by Owen Schaefer
It’s strange to be human in a Rebecca Horn exhibition. One could almost get the impression that the viewers are being mocked by the moving sculptures that typify her recent work. But the ‘dialogue’ referenced by the title of the show Rebellion in Silence: Dialogue Between Raven and Whale is one taken up without words; it is a grinding mechanical conversation, and a conversation of tension and movement, more human in what it cannot do than in what it does. And perhaps it is alienation from these works that inevitably makes us feel more human.
Horn’s work was not always this way. The show at the Museum of Contemporary Art Tokyo is a retrospective strongly geared toward the German artist’s most recent work, and there is a sharp divide between the body-extension performance art that she first became famous for in the 70s and the lovingly mechanical automata that she now tends to build. The show is therefore divided somewhat appropriately, with machines clicking away on the third floor of the museum, and several rooms of her film works showing on the first. And if it is Horn’s films and performances you are most interested in, then be sure to arrive early. There are eight films showing, and the shortest run for 20 minutes.
In her youth, Horn was hospitalized for a year after inhaling fiberglass dust, and spent much of her time there contemplating the body, its limitations, and the benign prison of her hospital bed. The films Performances 1 and Performances 2 showcase some of her most famous performances and body-extensions to come out of this period, such as Unicorn, a woman wearing a long horn-like apparatus strapped to her head while walking placidly through an open field.
But somewhere along the line, Horn moved away from these body-based works and toward her current movement-based approach. Two short films included with the machine section best illustrate the crossover—in one, a woman wearing a mask of pencils draws repetitive lines on a wall by moving her head back and forth. In the other, a mask of feathers keeps two people from kissing; over and over they come close, but are unable to connect.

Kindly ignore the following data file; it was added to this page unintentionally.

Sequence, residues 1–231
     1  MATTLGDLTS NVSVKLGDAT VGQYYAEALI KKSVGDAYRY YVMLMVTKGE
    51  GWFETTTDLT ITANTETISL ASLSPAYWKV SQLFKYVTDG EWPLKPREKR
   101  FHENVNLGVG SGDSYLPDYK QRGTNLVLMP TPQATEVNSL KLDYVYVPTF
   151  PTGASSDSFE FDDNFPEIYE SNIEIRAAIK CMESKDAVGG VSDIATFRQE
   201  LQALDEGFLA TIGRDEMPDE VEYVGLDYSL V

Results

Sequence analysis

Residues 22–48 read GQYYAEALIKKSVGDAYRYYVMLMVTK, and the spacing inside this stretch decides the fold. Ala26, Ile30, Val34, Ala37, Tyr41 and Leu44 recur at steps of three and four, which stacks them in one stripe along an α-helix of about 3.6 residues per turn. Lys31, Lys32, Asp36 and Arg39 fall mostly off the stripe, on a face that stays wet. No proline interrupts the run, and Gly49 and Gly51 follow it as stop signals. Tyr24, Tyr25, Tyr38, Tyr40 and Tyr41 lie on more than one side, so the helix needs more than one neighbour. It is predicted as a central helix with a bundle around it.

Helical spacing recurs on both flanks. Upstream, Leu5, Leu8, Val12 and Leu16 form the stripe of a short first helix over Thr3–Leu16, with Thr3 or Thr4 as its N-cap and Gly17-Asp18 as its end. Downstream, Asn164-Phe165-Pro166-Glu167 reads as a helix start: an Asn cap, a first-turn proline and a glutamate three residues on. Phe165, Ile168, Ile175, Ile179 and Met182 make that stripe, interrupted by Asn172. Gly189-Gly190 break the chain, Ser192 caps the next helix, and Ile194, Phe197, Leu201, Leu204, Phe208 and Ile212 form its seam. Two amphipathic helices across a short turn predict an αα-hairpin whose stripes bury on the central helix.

This is often the kind of movement reproduced by her machines— movements that emphasize human motion by so awkwardly mimicking it. Two guns blindly search for a target before firing at one another; a painting machine mimics the act of art; and in more than one work, quaintly antique binoculars go through the motions of scanning the room.
But there are others that operate a little differently. Concert for Anarchy is perhaps one of Horn’s best-known works, and it’s easy to see why. At long intervals, a grand piano suspended upside down alternately spews out its guts with a scream of strings, or reels them back in again. There’s a strange double message here—one in which anarchy is played out by a piano refusing to be a piano, and simultaneously made ridiculous by its regimented set of actions.
One of the curious things about Horn’s machines is that they do not perform continually. There are moments where they do nothing, and there is no way of knowing when or how they will move. There is a lesson in waiting here, with the works demanding the viewer’s patience and attention. And in the Dialogue between Raven and Whale, it is the machines that speak in turn, and in the snapping, whirring, rattling rhythm of the room, you become all the more aware of your humanity.
Show: Rebecca Horn—Rebellion in Silence: Dialogue
Between Raven and Whale (to Feb 14)
Gallery: Museum of Contemporary Art Tokyo (Kiba station)
Hours: 10am–6pm (closed Mon) Admission: ¥1,200
Tel: 03-5245-4111 www.mot-art-museum.jp